You've booked yourself your first gig. You're sitting on the modeling podium in your robe, waiting for the session to begin. What next?
The Art of Holding Very Still
Drawing groups are generally structured to start with shorter gesture poses (generally between 30 seconds and two minutes), and work up to longer poses (generally between 20 and 40 minutes). Along the way, you can generally expect breaks every 30 to 60 minutes.
Gesture poses are the chance to get dynamic. You can select poses that you wouldn't be able to hold for extended periods of time, but can hold for a few minutes. Putting yourself off-balance, leaving limbs unsupported in space, stretching, and unusual weight distribution are all ideas to play with for gesture poses. So long as you're capable of holding the pose for the given window of time, consider it fair game. More on gesture poses can be found here.
As the length of the poses increases, begin opting for poses that will be easier to maintain over time. With longer poses, if you settle into it and suspect that any body part will start hurting, know this: it will. It will hurt more spectacularly, and more vibrantly, than you can possibly imagine until you've decided to test that theory once.. twice.. or a dozen times, if you're a slow learner, like me.
Pain aside, it's easy to start drifting out of longer poses. Twists can be difficult to maintain, and limbs that aren't supported will often begin to drift. I try to keep all of my extremities in contact with either my body, the floor, a stool, or something else that won't be moving. That way, I have multiple points of reference as to how I was posed. To keep my head in position, I let my gaze fall directly in front of me, and then I pick a visual point to focus on.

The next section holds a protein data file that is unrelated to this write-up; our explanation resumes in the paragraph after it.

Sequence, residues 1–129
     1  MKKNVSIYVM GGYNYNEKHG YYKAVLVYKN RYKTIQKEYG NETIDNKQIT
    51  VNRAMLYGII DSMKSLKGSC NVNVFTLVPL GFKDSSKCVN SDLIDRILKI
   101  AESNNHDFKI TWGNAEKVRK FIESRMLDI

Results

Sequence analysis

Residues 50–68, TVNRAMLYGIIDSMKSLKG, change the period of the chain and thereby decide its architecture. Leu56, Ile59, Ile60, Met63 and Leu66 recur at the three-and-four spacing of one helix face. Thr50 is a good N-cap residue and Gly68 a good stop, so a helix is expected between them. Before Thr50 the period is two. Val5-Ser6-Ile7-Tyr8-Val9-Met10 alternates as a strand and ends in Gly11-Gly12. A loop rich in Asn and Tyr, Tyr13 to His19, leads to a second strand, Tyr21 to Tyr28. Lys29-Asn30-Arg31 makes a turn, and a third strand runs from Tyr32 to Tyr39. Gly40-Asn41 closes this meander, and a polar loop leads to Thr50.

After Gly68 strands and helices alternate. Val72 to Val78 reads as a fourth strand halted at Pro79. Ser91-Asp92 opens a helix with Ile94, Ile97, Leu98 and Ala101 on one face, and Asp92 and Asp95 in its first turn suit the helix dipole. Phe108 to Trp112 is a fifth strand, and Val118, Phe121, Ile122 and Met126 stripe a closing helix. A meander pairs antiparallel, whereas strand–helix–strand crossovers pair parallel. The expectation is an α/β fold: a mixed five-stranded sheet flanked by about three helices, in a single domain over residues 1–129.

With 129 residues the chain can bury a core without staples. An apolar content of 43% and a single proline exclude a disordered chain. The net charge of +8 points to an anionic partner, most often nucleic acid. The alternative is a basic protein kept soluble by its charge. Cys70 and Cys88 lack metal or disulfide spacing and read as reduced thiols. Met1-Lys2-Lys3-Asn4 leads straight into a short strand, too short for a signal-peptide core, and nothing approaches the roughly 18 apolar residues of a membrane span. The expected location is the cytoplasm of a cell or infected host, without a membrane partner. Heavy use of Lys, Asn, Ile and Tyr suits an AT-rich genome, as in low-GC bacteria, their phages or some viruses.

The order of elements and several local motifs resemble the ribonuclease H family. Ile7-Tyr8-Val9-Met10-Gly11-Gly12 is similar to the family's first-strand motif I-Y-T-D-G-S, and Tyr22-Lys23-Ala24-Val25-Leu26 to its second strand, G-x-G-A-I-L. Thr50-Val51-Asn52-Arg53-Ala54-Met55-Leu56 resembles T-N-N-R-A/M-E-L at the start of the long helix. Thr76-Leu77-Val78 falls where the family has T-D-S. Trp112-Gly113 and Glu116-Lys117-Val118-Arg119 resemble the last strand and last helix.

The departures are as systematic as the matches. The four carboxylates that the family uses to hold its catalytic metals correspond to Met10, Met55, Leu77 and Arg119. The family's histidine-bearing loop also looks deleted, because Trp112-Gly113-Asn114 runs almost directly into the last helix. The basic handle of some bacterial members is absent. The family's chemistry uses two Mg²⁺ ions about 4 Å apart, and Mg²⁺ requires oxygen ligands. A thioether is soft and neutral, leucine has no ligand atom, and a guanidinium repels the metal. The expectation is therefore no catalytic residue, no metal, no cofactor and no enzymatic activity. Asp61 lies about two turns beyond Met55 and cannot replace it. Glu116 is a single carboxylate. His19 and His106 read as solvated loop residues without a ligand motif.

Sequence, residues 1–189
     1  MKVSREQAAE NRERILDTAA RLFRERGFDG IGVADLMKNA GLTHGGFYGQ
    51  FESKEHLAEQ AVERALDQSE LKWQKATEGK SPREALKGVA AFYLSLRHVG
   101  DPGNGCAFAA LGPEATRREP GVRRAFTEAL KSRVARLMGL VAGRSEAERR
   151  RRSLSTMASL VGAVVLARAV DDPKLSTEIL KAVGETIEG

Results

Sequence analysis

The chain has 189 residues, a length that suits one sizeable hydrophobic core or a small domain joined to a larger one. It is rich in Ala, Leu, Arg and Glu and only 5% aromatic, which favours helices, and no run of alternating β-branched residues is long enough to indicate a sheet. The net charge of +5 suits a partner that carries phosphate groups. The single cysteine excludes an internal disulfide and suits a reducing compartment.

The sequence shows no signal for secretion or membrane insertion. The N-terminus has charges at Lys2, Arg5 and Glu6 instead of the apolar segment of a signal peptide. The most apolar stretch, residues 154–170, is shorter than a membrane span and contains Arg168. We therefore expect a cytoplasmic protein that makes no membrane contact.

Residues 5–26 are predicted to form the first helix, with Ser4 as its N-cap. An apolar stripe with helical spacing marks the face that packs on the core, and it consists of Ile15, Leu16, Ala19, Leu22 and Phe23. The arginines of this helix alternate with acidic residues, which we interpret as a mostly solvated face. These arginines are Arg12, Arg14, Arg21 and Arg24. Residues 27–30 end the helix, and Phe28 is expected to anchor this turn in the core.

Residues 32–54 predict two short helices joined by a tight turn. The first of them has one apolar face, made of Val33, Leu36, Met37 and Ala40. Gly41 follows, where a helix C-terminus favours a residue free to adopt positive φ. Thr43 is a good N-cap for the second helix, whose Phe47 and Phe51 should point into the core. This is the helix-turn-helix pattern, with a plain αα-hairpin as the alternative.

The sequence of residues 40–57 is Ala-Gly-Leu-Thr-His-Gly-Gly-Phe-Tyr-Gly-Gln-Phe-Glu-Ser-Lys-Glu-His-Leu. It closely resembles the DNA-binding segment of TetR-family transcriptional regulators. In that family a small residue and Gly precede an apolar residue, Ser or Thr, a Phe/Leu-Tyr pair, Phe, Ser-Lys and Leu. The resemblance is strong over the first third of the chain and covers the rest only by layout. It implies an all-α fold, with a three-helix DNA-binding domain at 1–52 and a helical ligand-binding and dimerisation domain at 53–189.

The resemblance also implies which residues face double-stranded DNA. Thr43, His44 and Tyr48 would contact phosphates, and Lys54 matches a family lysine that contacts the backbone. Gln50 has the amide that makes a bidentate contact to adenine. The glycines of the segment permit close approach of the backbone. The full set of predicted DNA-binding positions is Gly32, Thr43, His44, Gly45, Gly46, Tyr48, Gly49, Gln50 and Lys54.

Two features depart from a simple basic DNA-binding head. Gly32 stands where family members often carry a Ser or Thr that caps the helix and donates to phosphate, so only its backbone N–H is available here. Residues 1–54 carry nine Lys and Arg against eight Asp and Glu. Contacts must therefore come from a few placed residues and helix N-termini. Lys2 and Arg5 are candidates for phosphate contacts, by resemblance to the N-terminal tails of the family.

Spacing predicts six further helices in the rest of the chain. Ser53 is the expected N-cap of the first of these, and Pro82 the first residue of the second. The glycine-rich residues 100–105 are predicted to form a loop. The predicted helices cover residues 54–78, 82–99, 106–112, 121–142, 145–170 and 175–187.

Over the course of the session, remember to rotate. This is especially true if the group barely fits in the space, and people can't move easily if they want to draw from a different angle. It can be frustrating for artists to get a disappointing angle for every single pose through the evening, but not being able to easily move. Try to give everybody at least a few front, back, and profile views along the way. Similarly, vary between sitting, reclining, and standing poses.
From time to time, you'll encounter "long pose" drawing sessions, in which you're holding the same pose for the entire session. When working with painters, you can also expect to hold one pose through the entire session. Of course, you'll still get breaks during long pose sessions. Before the first break, the organizer may put tape down on the chair to mark where different body parts were.
After the Gig
I generally leave life modeling sessions feeling very tired, and very hungry. And satisfied. Beyond taking care of your food, water, rest, and stretching needs, there isn't too much more for me to suggest.
Though there is no substitute for experience, I hope that this guide can help novice life models on their way. My inbox is always open for specific questions as well. Happy sitting!